UT-Dallas professor to give shape-memory polymer talk Monday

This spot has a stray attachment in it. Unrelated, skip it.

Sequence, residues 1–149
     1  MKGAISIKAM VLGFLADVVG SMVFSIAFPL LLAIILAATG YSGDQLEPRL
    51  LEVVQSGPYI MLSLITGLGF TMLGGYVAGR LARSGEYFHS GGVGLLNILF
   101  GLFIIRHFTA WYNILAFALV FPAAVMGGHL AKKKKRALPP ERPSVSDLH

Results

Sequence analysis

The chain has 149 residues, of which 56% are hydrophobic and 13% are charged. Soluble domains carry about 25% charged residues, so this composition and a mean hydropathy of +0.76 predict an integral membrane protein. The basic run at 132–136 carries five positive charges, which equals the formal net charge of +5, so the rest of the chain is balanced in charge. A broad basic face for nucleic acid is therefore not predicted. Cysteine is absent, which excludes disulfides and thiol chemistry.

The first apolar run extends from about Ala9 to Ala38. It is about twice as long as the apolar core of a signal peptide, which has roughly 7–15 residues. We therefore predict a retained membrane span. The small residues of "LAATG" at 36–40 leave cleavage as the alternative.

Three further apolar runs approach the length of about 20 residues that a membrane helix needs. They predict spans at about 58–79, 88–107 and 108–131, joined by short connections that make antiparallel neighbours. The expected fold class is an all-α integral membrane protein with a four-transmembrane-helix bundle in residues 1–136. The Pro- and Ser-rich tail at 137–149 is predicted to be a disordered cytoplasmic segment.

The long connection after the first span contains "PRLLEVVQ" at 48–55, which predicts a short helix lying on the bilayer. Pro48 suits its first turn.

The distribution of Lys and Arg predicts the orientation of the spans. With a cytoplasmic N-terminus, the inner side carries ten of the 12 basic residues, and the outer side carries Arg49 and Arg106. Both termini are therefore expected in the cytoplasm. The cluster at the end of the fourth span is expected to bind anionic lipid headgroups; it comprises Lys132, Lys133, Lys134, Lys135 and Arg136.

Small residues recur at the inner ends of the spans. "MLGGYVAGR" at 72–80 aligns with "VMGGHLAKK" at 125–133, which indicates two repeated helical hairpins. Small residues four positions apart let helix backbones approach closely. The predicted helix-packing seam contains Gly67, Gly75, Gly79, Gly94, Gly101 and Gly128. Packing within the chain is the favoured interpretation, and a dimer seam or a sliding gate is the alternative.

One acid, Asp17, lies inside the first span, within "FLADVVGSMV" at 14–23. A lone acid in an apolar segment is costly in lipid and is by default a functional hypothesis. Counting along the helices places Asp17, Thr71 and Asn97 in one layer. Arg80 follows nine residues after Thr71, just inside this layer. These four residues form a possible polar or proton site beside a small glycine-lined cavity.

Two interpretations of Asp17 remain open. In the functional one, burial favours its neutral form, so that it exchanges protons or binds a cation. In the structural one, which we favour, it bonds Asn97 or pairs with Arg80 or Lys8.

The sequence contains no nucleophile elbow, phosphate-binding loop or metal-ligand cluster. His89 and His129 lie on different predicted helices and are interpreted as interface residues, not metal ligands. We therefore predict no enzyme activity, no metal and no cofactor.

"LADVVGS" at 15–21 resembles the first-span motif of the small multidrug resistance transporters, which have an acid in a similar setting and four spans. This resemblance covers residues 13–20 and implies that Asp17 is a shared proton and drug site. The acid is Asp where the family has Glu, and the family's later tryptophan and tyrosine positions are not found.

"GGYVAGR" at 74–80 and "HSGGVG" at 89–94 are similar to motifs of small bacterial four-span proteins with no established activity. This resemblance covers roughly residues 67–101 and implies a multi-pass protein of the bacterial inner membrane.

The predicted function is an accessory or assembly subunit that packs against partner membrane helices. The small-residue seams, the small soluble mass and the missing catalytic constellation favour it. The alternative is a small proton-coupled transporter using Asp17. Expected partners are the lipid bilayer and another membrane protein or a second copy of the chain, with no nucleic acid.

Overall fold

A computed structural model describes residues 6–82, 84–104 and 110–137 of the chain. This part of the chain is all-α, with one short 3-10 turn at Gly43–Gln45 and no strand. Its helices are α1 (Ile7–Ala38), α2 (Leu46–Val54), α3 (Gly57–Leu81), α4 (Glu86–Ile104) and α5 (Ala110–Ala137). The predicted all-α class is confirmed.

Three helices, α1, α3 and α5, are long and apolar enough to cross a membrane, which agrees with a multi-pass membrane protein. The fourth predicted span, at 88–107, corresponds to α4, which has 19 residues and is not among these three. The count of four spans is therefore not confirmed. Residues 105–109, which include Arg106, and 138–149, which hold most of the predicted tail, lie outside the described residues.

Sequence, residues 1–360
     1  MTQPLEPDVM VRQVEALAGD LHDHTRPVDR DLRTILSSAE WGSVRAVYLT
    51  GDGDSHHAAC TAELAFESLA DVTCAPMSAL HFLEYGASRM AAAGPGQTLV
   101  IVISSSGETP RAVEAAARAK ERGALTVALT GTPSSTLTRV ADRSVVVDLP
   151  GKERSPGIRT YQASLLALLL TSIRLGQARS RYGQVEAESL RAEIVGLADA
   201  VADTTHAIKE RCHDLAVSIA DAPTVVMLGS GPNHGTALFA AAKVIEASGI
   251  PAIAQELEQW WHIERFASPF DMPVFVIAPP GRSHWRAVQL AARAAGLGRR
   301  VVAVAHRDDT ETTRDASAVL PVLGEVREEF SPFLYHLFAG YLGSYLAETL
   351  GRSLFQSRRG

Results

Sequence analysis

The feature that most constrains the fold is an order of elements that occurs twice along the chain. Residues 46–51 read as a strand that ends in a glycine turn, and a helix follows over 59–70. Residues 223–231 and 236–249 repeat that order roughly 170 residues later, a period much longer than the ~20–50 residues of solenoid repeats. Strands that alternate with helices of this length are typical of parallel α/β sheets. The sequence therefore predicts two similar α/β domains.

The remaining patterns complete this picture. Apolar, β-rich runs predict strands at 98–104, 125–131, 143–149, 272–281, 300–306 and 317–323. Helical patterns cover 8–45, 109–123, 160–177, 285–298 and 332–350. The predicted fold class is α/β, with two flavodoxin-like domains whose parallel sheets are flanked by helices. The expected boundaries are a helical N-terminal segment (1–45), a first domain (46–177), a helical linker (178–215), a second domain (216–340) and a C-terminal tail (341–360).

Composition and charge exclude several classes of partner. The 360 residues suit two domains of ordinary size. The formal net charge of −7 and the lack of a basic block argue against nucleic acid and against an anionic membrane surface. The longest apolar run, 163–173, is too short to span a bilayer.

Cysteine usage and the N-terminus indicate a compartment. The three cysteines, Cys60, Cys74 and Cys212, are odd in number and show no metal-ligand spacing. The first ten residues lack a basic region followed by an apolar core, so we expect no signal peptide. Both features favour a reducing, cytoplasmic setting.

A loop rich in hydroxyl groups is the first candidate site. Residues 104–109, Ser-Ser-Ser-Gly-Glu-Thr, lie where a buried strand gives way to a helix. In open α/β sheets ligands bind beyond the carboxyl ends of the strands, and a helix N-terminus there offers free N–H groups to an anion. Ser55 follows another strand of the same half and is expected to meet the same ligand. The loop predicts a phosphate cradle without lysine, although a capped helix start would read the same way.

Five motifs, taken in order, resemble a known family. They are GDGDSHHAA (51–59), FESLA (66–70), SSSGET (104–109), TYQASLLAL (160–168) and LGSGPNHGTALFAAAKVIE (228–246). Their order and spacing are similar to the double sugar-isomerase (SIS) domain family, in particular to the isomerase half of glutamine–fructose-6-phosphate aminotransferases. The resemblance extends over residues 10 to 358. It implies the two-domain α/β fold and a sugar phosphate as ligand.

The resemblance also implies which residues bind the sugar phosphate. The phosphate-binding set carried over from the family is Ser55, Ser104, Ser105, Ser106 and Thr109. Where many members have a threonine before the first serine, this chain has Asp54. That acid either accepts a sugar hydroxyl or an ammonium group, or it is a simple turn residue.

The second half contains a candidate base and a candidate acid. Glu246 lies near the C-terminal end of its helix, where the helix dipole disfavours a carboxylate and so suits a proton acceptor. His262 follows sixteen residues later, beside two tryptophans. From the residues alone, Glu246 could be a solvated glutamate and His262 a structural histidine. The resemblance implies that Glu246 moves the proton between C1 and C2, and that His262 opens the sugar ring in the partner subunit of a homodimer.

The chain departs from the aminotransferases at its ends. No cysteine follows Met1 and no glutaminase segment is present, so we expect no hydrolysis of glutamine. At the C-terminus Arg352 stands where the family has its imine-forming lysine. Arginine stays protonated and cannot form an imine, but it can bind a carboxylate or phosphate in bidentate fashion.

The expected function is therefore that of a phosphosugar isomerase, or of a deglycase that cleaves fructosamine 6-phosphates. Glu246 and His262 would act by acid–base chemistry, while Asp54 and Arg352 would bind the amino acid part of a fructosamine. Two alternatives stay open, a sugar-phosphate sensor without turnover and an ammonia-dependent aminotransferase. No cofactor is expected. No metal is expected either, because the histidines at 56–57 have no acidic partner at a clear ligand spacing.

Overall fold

Dr. Walter Voit, professor in materials science and Engineering at the University of Texas-Dallas, will give a talk Monday (April 19) at 4:10 p.m. in Room 104 of the Jack E. Brown Engineering Building at Texas A&M University.Voit's talk, "Optimization of Mechanical Properties and Manufacturing Techniques to Enable Shape‐Memory Polymer Processing," is part of the Department of Biomedical Engineering's seminar series.Abstract This research investigates the synthesis and manufacture of shape‐memory polymer (SMP) systems for use in biomedical and commodity applications. The research centers on improving the mechanical properties of thermoset acrylate copolymers with memory properties at reasonable cost through various design and manufacturing techniques: high‐strain polymer synthesis and radiation crosslinking.The research assesses combinations of linear monomers and a low density of crosslinker to characterize new functional materials and optimize emerging mechanical properties such as the glass transition temperature (Tg) and rubbery modulus (ER). Exploring materials with large recoverable strains, a model copolymer of photo‐polymerized methyl acrylate (MA), isobornyl acrylate and crosslinker bisphenol A ethoxylate dimethacrylate was shown to strain above 800 percent, twice the previously published value for SMPs, and recover fully. In the quest to maximize fully recoverable strains, a new hybrid molecule nicknamed Xini, which serves as both an initiator and a crosslinker, was also theorized, synthesized, polymerized into SMP networks and characterized.In the past, thermoset SMPs were made into complex shapes using expensive top‐down techniques. A block of polymer was made and custom machining was required to craft complex parts. This prohibited devices in cost‐competitive commodity application spaces. This research has proposed and validated a new method for accurately tuning the thermomechanical properties of network acrylates with shape memory properties: Mnemosynation, eponymously named for the Greek goddess of memory. This novel manufacturing process imparts long term 'memory' on an otherwise amorphous thermoplastic material utilizing radiation‐induced covalent crosslinking, and can be likened to Vulcanization, which imparts strength on natural rubber utilizing sulfur crosslinks. Adjustment of ER in the range from below 1 MPa to above 13 MPa has been demonstrated. ER was tailored by varying both radiation dosage between 5 and 300 kGy and crosslinker concentration between 1.00 and 25.0 wt%. Tg manipulation was demonstrated between 23 °C and 70 °C. Mnemosynation combines advances in radiation grafting and acrylic SMP synthesis to enable both traditional plastics processing (blow molding, injection molding, etc.) and control of thermoset shape‐memory properties.Combining advances in both high strain polymer synthesis and radiation crosslinking, a new paradigm in SMP composites manufacture‐namely, that materials can be designed to enhance strain capacity at moderate stress, rather than maximum strength‐was established. Various fibers with very different mechanical properties were impregnated with SMPs and thermo‐mechanically assessed to develop an understanding of the technical parameters necessary to craft self‐adjusting, multi‐actuated, SMP‐fiber composite orthopedic casts. This exploration syncs with the overarching aim of the research, which is to understand the fundamental scientific drivers necessary to enable new devices mass‐manufactured from acrylate copolymers and optimize their emerging mechanical properties.